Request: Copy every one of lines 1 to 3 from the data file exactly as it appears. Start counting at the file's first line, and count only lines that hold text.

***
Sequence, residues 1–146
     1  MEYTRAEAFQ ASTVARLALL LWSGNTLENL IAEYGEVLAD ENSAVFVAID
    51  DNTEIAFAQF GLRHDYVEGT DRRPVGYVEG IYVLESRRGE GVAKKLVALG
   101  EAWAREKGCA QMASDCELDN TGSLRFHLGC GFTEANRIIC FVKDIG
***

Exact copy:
Sequence, residues 1–146
     1  MEYTRAEAFQ ASTVARLALL LWSGNTLENL IAEYGEVLAD ENSAVFVAID
    51  DNTEIAFAQF GLRHDYVEGT DRRPVGYVEG IYVLESRRGE GVAKKLVALG